Bem’s Sex Role Types

Brief Overview
Bem’s theory refers to the theory that children learn about what it means to be male and female from the culture in which they live.  According to this theory, children adjust their behavior to fit in with the gender norms and expectations of their culture.
About the Author

Dr. Sandra Lipsitz Bem is a noted psychologist and women’s studies professor who pioneered work on psychological androgyny and gender schema theory and has created a substantial body of work regarding the prominence of sex role stereotyping and its effects on Western culture and individual psychology.

For more information on Bem, please visit:

Printable Summary (PDF)

Previous cohorts of FSU students have developed these printable summaries and used them to prepare for test and papers.  We hope they’ll be of help to you too.

Stages, Levels, Phases, and Components of the Theory

Stages, Levels, Phases, and Components of the Theory:  

  • High on masculinity and femininity: Androgynous
  • Low on masculinity and femininity: Undifferentiated
  • High on masculinity and low on femininity: Masculine
  • Low on masculinity and high on femininity: Feminine
Application of Theory to Practice

This section is designed to provide student affairs professionals, staff, and faculty members with tips and tools to apply theory to practice.

Annotations of Associated Literature

Annotations listed below are associated with the author’s original work to provided a more in-depth look at the theory.

Original Citation
Additional Resources

Submitted by Sam C. Ehrlich

This Prezi presentation outlines gender and gender identity development and applies it to student affairs in higher education.  While this presentation is fairly short, it covers a lot of ground.  To start, it gives a number of definitions for key terms in sexual and gender identity theory, including an outline of the differences between sex and gender.  The presentation next covers Lev’s Binary and Alternative Models, and includes the various stages and critiques of each theory.  The presentation then covers a few theories—the Bem Sex Role Inventory, Bem’s Gender Schema Theory, and Bilodeau’s Transgender Identity Development Theory—that were covered only briefly in the textbook, but are important to understanding gender and transgender theory.  Finally, the presentation presents some applications of these theories to higher education as well as a critique of the use of unified gender theory for college students.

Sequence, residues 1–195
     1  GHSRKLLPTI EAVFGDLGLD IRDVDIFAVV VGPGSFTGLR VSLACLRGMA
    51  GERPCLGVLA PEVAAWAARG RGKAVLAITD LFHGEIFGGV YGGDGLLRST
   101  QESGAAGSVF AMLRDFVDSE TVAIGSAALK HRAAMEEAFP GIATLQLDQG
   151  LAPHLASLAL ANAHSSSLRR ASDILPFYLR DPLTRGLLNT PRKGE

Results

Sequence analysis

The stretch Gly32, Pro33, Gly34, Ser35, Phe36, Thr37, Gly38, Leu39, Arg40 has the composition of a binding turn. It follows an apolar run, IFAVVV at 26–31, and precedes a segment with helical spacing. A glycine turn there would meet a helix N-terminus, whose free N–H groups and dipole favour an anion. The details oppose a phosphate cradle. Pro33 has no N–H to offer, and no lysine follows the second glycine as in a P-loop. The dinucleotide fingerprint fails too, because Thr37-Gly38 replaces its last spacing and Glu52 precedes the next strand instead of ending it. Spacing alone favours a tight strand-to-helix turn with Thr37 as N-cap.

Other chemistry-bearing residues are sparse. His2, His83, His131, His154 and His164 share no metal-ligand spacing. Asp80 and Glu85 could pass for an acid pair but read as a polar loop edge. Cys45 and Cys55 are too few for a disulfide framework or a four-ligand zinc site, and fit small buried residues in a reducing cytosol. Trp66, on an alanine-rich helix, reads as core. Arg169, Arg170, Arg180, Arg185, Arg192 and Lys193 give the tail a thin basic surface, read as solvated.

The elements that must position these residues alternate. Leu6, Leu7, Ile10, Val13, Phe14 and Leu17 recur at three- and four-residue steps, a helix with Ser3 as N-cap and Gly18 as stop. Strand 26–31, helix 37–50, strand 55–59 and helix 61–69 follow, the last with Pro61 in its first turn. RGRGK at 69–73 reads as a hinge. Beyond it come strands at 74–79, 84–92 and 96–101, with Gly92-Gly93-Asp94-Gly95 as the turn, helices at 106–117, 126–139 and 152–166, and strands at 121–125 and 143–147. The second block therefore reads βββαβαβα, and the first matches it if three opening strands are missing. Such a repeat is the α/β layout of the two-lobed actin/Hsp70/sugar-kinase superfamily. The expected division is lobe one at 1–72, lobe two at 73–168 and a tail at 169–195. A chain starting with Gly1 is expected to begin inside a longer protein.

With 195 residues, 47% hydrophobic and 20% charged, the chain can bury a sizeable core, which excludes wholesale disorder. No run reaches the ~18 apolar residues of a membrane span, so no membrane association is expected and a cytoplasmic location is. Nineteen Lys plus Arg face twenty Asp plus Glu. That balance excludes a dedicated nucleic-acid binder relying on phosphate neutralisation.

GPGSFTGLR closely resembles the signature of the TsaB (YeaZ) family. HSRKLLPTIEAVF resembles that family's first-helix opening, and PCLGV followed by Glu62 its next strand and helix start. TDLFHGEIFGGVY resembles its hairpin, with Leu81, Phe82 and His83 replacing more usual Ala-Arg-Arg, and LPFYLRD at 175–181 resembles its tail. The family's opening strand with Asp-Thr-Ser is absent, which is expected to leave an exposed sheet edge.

While gender theory can be complex and is still very much under ongoing development, presentation is useful for understanding some of the more important theories of gender and gender identity development and their application to higher education.

This page was written and created by Ashlie Baty. The webpage is maintained by Amanda Peerce and Jesse Ford.  For information on the page, please contact Amanda Peerce at or Jesse Ford at